In his briefing yesterday, press secretary Jody Powell spoke of the registration decision as through one important factor in it was to send a strong signal to Moscow of U.S. determination to stand firmly in the Persian Gulf -- and fight if necessary. Other officials said that this was uppermost in Carter's mind. Powell explained that other preliminary steps, short of registration, could have been taken. But he said that the president thought it would not be "credible" if his action stopped short of the point where it might lead to political controversy.
Kennedy's faltering campaign could use a resumption of political controversy around Carter. Whether Kennedy intends to use the registation decision to achieve this is unclear; he has opposed peacetime draft registration in the past, but he was strangely silent after Carter's address Wednesday night -- announcing yesterday that he will suspend his planned weekend of campaigning to prepare for his own policy speech on Monday.
Clearly, what Kennedy needs most is to return Carter to the early days of his presidency -- those 2 3/4 years in which he wallowed in the White House until the Ayatollah Ruholliah Khomeini and the Kremlin helped make him what he is today: commander-in-chief and front-runner.
For most of Carter's presidency, it appeared that the country basically did not give a damm. He issued his energy call for a moral equivalent of war and he talked of the virtues of deregulation and civil service reform, and by the summer of 1979. Kennedy was sailing off Hyannis and soaring in the polls.
Carter, meanwhile, was declaring a national malaise and firing his Cabinet -- which proved to be the political equivalent of calling in artillarly on his own bunker.
Then on Nov. 4 the U.S. Embassy in Tehran was siezed -- and as U.S. fortunes around the globe declined, the American people rallied around their president.
But if was the ayatollah and the Politburo that helped turn the president's fortunes at home, it is also true that Carter has made the political most of it. Campaigning became neither policy nor smart politics -- he had a crisis to oversee (while Ronald Reagan, the GOP front-runner had only his glossies to watch.)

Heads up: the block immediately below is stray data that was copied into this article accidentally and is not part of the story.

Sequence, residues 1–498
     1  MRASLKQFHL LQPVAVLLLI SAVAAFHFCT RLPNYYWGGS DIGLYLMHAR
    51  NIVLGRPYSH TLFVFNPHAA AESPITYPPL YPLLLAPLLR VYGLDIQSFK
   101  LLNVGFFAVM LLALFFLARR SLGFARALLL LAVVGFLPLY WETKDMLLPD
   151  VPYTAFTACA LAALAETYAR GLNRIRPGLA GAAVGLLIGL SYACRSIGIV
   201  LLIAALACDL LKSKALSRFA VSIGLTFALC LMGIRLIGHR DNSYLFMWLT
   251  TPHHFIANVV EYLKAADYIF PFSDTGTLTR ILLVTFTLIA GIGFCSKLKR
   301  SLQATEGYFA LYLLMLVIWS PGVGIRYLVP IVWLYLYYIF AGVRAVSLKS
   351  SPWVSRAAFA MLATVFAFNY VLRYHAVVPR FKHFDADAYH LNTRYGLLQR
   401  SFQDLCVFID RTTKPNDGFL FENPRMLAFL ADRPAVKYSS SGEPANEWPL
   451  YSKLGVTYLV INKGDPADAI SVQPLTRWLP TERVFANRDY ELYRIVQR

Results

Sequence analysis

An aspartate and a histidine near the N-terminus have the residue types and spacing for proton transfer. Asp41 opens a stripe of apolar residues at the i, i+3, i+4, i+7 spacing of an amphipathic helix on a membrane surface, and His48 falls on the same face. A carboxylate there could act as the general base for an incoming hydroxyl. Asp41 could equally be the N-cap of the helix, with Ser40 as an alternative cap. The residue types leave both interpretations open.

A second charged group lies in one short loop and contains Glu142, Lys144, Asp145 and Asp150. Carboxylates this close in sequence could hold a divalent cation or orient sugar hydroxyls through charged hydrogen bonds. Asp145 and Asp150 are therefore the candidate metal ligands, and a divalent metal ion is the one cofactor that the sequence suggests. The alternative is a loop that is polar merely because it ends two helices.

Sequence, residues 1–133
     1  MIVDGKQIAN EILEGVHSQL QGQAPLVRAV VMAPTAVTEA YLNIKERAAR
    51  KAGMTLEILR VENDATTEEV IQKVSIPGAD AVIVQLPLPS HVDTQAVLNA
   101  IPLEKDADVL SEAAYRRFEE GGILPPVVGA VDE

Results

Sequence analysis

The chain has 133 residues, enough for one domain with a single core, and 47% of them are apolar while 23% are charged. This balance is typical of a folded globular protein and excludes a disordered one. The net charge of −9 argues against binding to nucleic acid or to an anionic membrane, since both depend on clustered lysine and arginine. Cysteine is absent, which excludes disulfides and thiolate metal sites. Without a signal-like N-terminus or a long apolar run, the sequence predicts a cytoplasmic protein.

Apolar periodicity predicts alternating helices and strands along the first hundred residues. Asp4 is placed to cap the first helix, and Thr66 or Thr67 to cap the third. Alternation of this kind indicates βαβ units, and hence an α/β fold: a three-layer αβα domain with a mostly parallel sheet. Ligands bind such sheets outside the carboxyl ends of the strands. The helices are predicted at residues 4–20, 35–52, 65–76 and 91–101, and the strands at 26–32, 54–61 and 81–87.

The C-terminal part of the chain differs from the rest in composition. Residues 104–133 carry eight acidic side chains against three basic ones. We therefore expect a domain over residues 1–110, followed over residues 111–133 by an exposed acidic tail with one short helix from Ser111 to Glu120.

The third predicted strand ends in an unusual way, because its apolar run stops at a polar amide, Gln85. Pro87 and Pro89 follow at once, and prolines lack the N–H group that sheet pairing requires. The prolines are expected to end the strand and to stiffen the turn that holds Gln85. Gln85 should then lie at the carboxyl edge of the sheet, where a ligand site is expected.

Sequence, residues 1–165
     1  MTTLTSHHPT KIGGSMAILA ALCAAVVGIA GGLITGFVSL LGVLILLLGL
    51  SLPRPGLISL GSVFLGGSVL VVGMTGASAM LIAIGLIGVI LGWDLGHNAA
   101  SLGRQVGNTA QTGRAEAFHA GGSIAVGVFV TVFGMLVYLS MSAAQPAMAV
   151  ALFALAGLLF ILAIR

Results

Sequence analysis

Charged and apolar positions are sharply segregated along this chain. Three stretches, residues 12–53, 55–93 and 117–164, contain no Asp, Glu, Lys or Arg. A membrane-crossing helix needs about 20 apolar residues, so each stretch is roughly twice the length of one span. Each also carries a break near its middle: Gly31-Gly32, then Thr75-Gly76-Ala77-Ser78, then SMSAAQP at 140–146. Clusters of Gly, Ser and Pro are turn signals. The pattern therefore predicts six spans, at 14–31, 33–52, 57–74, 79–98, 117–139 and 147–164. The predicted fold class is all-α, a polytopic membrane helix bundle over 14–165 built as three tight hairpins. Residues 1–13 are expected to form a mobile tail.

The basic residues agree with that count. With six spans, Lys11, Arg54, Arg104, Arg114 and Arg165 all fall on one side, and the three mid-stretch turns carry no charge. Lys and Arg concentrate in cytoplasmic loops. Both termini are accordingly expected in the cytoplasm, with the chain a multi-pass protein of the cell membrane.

Carter's every utterance took on new importance. He dominated the news with pronouncements of crisis managment. Comments of others were given comparative short shrift. Last Sunday, the day before the Iowa caucuses, Carter went on NBC's "Face the Nation" and Kennedy appeared on ABC's "Issues and Answers." The next day, The Washington Post published three reports based on what Carter had to say, and no article about Kennedy.
"We can't get anyone to pay attention," Kennedy press secretary Thomas Southwick said at one point. "I mean, Carter's domestic record is a disaster. . . Inflation is soaring. . . But we can't get any one to pay attention."
On Monday, Kennedy, the revamped campaigner, will get attention as a curious America watches to see how he intends to get his campaign back on track.
Meanwhile, the president is not without any visible means of support. On State of the Union night, it was there for all to see, as the television cameras switched from Kennedy, looking somber, to Sen. Sam Nunn, (D-Ga), applauding enthusiastically. And later, there were encouraging words from the other side of the asile as Sen. Howard H. Baker Jr. of Tennessee, the Senate GOP leader and a presidental hopeful, told reporters that he was sure that Carter would get strong support -- at least from Republicans.
EPILOGUE: Gone from the State of the Union, without a trace was that sloganeering call for a New Foundation, which Carter had cited as the theme of his presidency in his address a year ago."People just make jokes about it, so we killed it," said one Carter adviser. "I mean, who needs underwear jokes?"
But perhaps this time the theme would have taken on new meaning. Because what Carter did in his address Wednesday night was to build, for his policies and his politics, a New Foundation of his own.